(c) The defendant claims that motion counsel was ineffective in that he did not set forth as grounds for ineffective assistance the trial counsel's failure to object to the trial court's decision to allow the state to present improper rebuttal evidence. The defendant maintains that since he was not allowed to present the medical records ((b), supra), the trial court should not have permitted rebuttal of his defense of psychosis which, he claims, was supported by the records. While we do not have an indication from the defendant as to the contents of these records, defendant's expert did testify at some length in support of the defendant's claim of psychosis. Thus, even though the medical records were not admitted, rebuttal on this issue by the state was proper and the trial court was well within its discretion in allowing it. Failure to make a meritless objection cannot be evidence of ineffective assistance. Accordingly, motion counsel was not ineffective on this ground.
(d) As further grounds for the claim of ineffective assistance of counsel, defendant points to motion counsel's failure to maintain that trial counsel was ineffective because he did not object to the trial court's decision to allow certain records to go to the jury room during deliberation. Of course, without an objection, the trial court properly permitted the records to go to the jury room. Smithwick v. State, 199 Ga. 292 (10) (34 SE2d 28) (1945). Again, however, our question is whether the trial court would have ordered a new trial if this lack of objection had been offered as grounds for ineffective assistance, and that question is answered by determining if allowing the documents to go out with the jury contributed to the verdict and was therefore harmful.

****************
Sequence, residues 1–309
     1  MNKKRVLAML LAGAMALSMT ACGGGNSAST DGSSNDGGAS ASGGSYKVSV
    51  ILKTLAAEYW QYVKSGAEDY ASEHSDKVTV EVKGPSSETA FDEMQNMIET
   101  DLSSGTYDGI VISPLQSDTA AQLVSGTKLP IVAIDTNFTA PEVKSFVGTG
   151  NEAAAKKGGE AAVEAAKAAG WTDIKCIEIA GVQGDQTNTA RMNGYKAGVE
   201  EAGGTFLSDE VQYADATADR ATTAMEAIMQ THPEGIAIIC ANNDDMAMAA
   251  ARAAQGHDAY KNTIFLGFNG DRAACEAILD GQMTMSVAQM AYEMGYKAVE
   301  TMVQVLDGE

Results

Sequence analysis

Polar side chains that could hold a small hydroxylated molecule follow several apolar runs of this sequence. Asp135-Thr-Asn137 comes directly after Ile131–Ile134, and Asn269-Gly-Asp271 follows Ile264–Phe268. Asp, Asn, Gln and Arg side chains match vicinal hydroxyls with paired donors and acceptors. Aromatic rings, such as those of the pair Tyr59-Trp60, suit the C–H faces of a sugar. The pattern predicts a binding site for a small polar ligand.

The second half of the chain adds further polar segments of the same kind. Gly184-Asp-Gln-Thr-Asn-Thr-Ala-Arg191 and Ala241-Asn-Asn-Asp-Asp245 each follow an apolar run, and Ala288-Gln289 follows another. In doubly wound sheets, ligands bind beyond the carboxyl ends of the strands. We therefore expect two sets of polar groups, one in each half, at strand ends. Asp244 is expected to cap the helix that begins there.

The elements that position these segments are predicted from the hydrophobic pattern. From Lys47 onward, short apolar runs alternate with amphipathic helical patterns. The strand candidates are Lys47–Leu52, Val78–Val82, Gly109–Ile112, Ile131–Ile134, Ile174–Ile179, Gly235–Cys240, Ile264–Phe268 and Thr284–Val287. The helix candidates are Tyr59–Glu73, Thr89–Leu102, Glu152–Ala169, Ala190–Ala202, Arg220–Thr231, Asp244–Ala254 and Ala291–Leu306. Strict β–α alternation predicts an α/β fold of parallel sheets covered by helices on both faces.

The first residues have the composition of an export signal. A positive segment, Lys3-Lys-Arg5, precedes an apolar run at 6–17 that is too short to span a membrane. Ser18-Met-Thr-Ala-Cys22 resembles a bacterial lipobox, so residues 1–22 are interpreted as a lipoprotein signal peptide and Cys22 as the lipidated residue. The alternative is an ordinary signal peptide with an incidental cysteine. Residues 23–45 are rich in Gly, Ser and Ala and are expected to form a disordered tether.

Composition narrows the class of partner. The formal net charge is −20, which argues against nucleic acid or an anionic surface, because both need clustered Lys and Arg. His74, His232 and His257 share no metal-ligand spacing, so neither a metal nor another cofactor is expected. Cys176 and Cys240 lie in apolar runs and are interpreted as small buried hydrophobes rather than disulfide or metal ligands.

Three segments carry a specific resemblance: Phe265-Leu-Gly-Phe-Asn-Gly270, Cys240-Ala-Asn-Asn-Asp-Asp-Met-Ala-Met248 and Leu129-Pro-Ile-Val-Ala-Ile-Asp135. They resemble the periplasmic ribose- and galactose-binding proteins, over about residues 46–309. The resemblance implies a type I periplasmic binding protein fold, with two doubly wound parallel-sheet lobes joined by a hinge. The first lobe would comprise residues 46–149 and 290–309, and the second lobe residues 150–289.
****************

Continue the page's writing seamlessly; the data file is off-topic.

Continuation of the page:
The reports sent out with the jury included the medical examiner's report, the doctor's report and the evaluation by the state's expert witness. Two documents, the medical examiner's report and the doctor's report, present no problems since these reports were consistent with the defense that random stab wounds were indicative of cocaine psychosis. Proctor v. State, 235 Ga. 720 (221 SE2d 556) (1975)